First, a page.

A nurse and a pharmacy assistant face charges of stealing ARV medication from Kanyamazane clinic. (File Photo)

Now people living with HIV are worried that the theft of the ARV medication they rely on will impact on them.

Months after a lay counsellor who used to work for the Department of Health at Kanyamazane Clinic was arrested, two more employees were taken into custody.

A nurse and a pharmacy assistant will now also face charges of stealing ARV medication from the supply store at a government clinic.

Last August Mthobisi Malambe was apprehended at the clinic after security officials linked him to two women who would regularly arrive at the clinic and leave with his bag. It was found that the bag contained anti-retroviral medication.

‘Released on bail’

Malambe appeared in the Kanyamazane Magistrate’s Court, and was released on bail while his case remains under investigation. The Department of Health has since dismissed him.

However, just few months after Malambe’s arrest, a professional nurse and pharmacist assistant have been arrested on suspicion of stealing ARV’s from Kanyamazane Clinic. It is not known for how long the theft has been going on. The two have been released on bail after appearing in the Nelspruit Magistrate’s Court.

According to Dumisani Malamule, spokesperson for the Mpumalanga Department of Health, the Department is planning to increase security at all its facilities, particularly in the medicine stores. While Malambe was dismissed, the nurse and pharmacy assistance both resigned. However, the department is considering whether to accept the resignations while an internal investigation is ongoing.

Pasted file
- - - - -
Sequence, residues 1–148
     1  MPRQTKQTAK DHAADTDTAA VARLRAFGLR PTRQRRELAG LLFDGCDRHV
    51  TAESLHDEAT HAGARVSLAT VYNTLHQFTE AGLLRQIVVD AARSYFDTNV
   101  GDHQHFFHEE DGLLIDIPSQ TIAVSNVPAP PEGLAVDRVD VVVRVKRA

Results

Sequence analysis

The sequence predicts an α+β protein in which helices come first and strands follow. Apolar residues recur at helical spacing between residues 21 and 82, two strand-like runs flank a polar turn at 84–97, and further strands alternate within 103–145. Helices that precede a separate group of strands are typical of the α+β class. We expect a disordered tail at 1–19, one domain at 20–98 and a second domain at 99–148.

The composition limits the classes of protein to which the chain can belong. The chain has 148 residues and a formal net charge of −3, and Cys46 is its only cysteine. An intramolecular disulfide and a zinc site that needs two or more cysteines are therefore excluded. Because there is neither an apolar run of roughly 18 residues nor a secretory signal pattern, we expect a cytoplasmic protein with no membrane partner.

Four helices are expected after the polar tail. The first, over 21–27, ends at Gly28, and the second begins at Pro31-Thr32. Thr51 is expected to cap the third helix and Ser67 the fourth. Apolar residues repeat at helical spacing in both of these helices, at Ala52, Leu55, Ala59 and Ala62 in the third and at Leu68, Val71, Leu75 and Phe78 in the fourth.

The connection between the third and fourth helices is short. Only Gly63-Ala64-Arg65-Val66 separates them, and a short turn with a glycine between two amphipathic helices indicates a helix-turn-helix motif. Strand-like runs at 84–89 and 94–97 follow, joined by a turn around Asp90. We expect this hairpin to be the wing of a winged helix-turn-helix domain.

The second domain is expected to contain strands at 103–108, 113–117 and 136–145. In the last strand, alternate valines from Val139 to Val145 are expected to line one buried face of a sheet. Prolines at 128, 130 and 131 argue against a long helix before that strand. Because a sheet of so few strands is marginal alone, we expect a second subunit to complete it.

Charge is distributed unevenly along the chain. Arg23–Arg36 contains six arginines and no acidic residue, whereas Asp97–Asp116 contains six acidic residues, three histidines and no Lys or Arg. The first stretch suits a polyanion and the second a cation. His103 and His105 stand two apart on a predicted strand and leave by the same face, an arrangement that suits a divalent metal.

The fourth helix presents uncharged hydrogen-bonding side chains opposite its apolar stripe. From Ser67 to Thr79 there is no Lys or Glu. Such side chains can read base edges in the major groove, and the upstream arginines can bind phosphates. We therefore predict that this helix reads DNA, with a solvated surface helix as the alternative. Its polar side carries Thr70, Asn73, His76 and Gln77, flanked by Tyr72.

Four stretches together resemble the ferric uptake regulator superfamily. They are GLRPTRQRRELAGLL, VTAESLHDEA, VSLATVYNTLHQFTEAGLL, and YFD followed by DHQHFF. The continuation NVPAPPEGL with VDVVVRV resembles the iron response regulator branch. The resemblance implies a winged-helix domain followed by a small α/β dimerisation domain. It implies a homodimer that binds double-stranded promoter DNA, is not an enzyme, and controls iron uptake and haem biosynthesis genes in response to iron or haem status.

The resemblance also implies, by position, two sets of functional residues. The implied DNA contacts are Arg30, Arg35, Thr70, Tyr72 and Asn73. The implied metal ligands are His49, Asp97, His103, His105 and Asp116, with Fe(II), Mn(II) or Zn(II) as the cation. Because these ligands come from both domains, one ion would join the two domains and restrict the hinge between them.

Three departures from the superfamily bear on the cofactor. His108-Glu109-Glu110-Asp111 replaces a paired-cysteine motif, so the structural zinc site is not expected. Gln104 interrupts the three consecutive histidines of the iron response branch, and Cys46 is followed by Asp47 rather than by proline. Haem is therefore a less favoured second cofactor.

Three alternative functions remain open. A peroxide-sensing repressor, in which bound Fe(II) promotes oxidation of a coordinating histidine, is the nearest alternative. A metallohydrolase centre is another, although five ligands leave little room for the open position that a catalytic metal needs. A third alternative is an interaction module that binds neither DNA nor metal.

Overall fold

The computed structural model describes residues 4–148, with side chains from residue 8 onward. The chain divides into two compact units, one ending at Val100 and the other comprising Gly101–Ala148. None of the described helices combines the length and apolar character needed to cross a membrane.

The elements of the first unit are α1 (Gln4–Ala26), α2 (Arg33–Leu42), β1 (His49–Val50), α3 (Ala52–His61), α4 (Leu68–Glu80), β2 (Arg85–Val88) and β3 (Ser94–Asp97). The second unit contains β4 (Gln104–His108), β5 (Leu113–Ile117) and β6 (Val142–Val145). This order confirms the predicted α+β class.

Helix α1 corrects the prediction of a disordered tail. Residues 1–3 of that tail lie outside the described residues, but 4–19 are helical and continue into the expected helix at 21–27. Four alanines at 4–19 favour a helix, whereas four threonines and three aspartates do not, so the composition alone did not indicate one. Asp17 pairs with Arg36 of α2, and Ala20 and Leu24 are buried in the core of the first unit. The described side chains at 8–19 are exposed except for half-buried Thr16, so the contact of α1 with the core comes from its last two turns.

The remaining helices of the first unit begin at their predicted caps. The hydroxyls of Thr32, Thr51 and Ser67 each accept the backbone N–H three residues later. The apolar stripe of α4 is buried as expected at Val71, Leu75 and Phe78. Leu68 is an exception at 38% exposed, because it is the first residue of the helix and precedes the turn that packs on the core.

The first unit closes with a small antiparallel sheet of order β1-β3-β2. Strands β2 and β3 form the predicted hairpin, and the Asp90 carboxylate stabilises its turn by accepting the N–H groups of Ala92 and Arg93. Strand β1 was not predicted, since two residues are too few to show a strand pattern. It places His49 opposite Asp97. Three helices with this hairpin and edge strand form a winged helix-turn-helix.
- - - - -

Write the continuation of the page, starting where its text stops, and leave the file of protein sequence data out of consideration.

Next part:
Sinenhlanhla Gumende, an HIV positive patient, has asked how the theft of ARV’s in the province is likely to affect patients reliant on the medication.


Sifiso Nkala from public interest law group Section 27, said people were frustrated with and concerned about corruption within the Health Department.

“Their main obligation is to maintain, improve, protect and promote the health of all people. That means the DoH has to treat and prevent diseases to ensure a healthy population. How do they intend to do this with a corrupt workforce?” Nkala asked.

“We applaud the department for taking action against the accused, and we hope this will send a strong message to other facilities and we hope other perpetrators are caught and dealt with accordingly. This cannot be taken lightly as medicine shortages threaten people’s health and lives,” said Belinda Setshogelo of the Treatment Action Campaign in Mpumalanga.

An edited version of this story appeared on Health24.